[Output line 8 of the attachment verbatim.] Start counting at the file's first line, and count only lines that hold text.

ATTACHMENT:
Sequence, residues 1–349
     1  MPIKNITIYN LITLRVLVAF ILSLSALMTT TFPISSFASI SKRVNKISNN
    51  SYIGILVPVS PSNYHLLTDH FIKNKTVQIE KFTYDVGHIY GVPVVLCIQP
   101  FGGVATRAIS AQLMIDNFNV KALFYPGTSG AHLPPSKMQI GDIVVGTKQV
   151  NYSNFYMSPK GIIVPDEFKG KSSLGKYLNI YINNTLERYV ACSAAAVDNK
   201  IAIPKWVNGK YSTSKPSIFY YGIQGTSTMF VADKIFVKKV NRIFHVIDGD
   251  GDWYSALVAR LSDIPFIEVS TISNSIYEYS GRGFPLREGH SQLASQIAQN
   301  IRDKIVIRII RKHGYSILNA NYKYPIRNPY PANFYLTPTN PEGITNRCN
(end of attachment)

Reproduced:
   301  IRDKIVIRII RKHGYSILNA NYKYPIRNPY PANFYLTPTN PEGITNRCN